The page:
The Sound and the Fury (1929) is one of William Faulkner's most famous novels, and considered by many to be his Magnum Opus. Because it's by William Faulkner, it is both mildly incomprehensible and heart-wrenchingly tragic (once you manage to figure out what's going on). The book, about the extremely dysfunctional Compson family, is set in the Deep South during the early 1900s. The main story is about the four Compson siblings: Benjy, Quentin, Jason, and Caddy. The book is divided into four sections, each told by a different member of the Compson family. The first section is from the perspective of Benjy, who is mentally retarded and doesn't quite understand what is going on. The second section is told by Quentin, who by that time has pretty much forsaken his family and is a student at Harvard. Quentin has issues. The third section is told by Jason, and it is the first section that is in any way comprehensible. The last section is a standard third person omniscient narrative focusing on Dilsey, the Compsons' black cook, and the only character who realizes the self-destructive behaviors of the Compsons.In 1945, Faulkner wrote an appendix that clears up a few issues and describes what happens to everyone that wasn't already dead by the novel's end.
Apocalyptic Log: Quentin's section has some elements of this, particularly when he suddenly blacks out in the middle of a sentence, leading to a flashback, but, because his mind's breaking down, it's told without any punctuation.
Berserk Button: DO NOT say disparaging things about women, or anything that suggests that you've never had a sister, in front of Quentin.
Big Brother Instinct: All the Compson boys have strong opinions on Caddy. Quentin's definitely falls into this trope. The reason he confesses to incest with her is that, if the two of them committed an act that atrocious, they would at least endure whatever punishment they deserved together.
Dead Guy Junior: Caddy names her daughter after her brother Quentin, who killed himself. This results in a surprising moment in Benjy's narrative in which Quentin is mentioned carrying out a particular action, but this action is described using feminine pronouns. It almost looks like a typo for a moment, until the reader realizes that there are two people named Quentin.
Deep South: The broader scope of the novel is the fall of pre-Reconstruction southern society and its obstinate refusal to take the transition lightly.
Defiled Forever: Even though Caddy wasn't raped by Dalton Ames, everyone has this reaction to her having lost her virginity to him.
Downer Ending: The Compsons, a noble family with a proud Southern Heritage, completely destroys itself within two generations.
Innocent Inaccurate: One of the reasons that Benjy's section is difficult to understand is that he himself cannot understand much that is going on around him (he is mentally retarded). While he frequently narrates flashbacks, but he narrates said flashbacks in present tense as if they're happening right now because he has no concept of time.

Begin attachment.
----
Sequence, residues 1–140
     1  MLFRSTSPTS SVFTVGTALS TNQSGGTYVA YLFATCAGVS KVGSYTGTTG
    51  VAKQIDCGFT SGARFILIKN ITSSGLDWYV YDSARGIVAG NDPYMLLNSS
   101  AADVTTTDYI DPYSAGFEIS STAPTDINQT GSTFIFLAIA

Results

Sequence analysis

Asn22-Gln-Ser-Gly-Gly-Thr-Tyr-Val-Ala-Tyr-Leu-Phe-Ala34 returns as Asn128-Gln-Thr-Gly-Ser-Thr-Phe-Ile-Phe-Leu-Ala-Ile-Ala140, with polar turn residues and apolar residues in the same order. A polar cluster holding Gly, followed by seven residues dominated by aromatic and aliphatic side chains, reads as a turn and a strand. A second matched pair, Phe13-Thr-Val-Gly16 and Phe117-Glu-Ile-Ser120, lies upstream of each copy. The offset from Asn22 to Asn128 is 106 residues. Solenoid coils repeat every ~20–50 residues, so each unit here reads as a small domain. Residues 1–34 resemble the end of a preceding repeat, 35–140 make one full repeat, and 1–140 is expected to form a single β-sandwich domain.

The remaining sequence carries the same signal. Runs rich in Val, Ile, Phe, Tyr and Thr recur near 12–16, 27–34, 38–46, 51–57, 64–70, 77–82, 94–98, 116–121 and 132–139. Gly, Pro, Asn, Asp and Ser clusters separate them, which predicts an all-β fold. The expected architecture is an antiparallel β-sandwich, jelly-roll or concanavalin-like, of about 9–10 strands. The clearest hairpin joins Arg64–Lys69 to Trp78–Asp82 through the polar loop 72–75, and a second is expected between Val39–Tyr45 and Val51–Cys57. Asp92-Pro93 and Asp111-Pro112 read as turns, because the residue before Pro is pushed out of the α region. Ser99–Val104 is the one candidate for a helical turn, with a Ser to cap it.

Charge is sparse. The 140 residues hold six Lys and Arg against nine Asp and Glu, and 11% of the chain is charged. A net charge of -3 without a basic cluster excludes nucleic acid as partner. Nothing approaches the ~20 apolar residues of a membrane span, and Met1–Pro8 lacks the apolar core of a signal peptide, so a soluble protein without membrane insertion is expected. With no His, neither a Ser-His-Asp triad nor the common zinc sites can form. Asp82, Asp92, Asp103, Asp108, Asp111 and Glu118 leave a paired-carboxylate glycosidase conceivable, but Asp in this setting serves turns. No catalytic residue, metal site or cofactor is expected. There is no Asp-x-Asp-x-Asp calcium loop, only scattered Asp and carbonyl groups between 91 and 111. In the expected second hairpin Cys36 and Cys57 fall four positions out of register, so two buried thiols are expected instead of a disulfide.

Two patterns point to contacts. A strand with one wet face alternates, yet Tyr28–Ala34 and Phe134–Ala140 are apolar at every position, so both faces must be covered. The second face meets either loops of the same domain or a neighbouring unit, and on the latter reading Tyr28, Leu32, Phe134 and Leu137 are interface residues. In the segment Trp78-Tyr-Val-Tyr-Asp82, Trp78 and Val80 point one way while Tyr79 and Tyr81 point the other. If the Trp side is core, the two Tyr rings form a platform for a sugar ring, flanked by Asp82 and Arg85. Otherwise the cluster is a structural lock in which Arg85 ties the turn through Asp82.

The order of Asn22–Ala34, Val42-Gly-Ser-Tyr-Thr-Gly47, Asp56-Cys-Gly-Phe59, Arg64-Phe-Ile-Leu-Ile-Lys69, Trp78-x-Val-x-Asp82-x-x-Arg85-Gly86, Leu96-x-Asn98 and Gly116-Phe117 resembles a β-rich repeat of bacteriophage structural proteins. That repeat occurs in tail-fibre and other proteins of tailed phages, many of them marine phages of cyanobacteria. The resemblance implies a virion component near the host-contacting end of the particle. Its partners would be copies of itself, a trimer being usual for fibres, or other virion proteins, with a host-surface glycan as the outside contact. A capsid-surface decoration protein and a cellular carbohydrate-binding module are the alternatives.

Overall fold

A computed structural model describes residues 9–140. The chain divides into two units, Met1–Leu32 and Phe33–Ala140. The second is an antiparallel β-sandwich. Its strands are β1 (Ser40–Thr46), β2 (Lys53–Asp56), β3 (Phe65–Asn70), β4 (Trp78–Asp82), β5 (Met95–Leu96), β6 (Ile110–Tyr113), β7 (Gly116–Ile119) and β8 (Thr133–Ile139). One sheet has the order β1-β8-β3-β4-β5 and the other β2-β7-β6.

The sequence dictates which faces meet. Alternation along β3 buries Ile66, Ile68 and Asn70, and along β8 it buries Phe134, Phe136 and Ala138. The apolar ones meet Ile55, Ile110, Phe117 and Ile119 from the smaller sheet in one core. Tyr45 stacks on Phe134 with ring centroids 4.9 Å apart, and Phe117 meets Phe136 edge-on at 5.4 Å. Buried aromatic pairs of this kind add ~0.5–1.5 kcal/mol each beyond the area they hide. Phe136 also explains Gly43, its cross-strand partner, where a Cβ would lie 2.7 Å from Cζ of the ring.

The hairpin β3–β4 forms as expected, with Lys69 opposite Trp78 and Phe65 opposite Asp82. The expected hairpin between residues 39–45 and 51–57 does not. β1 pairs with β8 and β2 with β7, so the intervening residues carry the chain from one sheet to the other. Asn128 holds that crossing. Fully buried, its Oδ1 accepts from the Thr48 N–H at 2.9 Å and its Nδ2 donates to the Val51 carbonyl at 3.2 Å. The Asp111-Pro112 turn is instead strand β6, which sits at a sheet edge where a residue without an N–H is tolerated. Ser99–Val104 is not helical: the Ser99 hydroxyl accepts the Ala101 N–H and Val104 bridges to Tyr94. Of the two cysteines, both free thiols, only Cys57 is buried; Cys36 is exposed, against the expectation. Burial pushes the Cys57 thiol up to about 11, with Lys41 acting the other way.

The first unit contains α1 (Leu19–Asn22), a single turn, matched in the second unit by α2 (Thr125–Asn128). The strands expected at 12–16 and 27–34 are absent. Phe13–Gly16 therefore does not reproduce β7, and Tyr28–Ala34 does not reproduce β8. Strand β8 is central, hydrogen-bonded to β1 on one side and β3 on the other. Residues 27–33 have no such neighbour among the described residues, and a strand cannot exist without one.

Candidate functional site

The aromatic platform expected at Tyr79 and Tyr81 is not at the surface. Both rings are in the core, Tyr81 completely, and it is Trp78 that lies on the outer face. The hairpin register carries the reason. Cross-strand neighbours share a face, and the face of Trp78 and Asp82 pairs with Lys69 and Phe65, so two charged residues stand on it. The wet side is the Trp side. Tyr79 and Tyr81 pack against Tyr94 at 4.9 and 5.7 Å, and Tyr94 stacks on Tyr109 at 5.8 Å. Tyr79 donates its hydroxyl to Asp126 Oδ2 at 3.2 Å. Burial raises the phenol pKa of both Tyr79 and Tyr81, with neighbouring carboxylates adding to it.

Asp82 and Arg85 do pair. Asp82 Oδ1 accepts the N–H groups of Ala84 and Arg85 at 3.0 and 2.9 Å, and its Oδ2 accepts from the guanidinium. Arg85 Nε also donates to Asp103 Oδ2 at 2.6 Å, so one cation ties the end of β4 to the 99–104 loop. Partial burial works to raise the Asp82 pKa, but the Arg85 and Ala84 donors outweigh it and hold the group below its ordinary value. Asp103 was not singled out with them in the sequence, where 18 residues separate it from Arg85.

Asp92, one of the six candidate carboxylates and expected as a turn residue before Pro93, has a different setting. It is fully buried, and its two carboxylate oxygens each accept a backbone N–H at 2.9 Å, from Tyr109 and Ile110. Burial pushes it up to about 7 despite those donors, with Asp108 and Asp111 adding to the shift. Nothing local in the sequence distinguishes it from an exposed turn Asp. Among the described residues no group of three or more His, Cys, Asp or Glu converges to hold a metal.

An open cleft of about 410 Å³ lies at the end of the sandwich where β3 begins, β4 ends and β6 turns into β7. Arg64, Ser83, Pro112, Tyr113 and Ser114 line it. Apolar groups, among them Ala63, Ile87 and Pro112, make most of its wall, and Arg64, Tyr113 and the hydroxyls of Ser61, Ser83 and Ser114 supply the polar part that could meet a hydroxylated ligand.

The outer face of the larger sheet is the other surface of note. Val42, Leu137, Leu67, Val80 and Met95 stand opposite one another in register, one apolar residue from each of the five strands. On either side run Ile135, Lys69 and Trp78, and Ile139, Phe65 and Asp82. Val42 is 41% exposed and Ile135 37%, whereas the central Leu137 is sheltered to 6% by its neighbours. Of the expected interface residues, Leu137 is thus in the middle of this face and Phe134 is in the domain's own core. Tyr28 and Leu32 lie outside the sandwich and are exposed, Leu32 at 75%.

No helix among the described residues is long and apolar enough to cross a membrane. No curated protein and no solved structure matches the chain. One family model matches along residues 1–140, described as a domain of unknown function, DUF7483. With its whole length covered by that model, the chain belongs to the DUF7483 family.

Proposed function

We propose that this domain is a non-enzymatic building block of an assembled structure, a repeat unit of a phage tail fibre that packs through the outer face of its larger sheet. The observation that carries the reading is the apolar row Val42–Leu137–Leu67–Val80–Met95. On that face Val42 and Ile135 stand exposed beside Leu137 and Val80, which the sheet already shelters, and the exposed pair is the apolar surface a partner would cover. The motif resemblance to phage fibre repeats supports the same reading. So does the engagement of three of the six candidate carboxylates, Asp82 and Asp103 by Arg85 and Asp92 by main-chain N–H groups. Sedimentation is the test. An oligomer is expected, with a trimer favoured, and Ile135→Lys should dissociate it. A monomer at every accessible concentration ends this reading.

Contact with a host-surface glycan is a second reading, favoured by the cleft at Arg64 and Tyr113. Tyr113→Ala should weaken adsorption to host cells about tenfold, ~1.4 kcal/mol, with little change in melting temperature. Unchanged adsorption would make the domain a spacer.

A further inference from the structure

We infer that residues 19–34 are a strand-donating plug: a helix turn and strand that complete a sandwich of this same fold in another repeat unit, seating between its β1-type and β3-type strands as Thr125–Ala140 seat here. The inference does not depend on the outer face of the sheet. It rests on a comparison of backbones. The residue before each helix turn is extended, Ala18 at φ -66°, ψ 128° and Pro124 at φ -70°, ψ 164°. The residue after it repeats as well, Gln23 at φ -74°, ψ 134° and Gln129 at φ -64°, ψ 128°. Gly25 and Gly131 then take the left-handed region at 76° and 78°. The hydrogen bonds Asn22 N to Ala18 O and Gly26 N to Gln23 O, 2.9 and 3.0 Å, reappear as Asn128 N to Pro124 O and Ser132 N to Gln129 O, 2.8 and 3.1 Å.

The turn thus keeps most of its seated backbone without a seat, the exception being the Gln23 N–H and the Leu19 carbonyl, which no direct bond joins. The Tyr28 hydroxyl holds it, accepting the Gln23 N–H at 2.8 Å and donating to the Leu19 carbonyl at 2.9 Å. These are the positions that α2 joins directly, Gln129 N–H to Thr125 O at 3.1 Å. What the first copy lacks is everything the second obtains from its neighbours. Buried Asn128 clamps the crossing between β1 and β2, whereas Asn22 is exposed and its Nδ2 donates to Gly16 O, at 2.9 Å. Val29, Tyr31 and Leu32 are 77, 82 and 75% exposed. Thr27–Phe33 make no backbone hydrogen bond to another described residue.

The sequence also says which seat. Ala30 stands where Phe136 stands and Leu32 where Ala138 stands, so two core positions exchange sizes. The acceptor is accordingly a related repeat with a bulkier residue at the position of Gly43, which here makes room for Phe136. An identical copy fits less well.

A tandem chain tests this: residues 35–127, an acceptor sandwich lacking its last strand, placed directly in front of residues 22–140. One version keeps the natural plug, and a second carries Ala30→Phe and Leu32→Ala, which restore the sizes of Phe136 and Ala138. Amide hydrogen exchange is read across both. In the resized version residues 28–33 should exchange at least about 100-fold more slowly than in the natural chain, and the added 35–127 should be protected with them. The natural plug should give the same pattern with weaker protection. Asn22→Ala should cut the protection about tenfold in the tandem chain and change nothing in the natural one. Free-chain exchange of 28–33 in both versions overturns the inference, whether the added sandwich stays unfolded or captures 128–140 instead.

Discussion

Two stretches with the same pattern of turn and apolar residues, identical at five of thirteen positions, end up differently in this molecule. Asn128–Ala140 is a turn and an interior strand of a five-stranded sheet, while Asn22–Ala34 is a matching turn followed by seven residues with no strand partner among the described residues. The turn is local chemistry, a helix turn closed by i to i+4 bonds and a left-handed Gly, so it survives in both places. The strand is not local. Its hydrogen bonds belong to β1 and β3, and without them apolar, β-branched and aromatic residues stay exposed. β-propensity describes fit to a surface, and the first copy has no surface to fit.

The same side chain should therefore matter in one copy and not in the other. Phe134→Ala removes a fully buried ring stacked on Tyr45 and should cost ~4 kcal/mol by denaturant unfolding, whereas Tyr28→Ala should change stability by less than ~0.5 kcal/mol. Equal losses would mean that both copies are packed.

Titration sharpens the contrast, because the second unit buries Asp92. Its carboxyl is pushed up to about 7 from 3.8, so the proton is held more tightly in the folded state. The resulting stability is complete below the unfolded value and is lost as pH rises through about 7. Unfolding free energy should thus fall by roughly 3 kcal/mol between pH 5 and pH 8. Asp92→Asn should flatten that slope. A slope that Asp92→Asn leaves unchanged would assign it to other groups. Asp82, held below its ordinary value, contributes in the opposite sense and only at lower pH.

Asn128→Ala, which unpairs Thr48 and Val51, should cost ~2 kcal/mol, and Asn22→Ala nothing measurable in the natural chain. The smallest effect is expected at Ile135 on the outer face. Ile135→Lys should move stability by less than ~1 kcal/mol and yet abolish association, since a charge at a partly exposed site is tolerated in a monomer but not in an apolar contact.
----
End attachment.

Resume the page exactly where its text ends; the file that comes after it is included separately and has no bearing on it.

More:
Mind Screw: In their respective sections, Benjy and Quentin both disregard chronology in such a way that it's almost impossible to understand what is happening until you can put them into a larger context.
My Beloved Smother: Caroline Compson is this to her favorite son Jason, who turns out to be as terrible as she is (though in a different way).
Non-Linear Character: Benjy literally cannot tell the difference between the past and the present - everything seems to be happening to him at the same time. Quentin is not one of these, but his disjointed narrative gives the impression of it.
Non P.O.V. Protagonist: Caddy, the main character of the novel, is the only Compson child not to receive a section told from her POV.
Not What It Looks Like: A little Italian girl follows Quentin around for awhile, and he tries to find out where she lives - upon which her brother attacks him, under the impression that he was trying to kidnap and molest her. In spite of his innocence, Quentin still has to pay a hefty fine.
One Mario Limit: Averted with Jason and Jason Jnr. Also averted with the two Quentins, which is just one of the many, many things which makes Benjy's narrative difficult to follow.
Painting the Medium: In Benjy's narrative, shifts in time are indicated with brief passages in italics. Quentin's narrative is almost entirely based on this trope, the formatting and sentence structure growing increasingly erratic and disjointed as Quentin approaches the Despair Event Horizon.
Parental Favoritism: Mrs. Compson only cares for her son Jason, and pays little attention to any of her other children.
Unconventional Formatting: In Quentin's narrative, sentences are broken up with short phrases in italics, there are long passages with extremely disjointed arrangement of text, and as the narrative goes on it begins to shed punctuation, paragraph breaks, capital letters and conventional sentence structures. This is used to visually represent Quentin's declining mental state.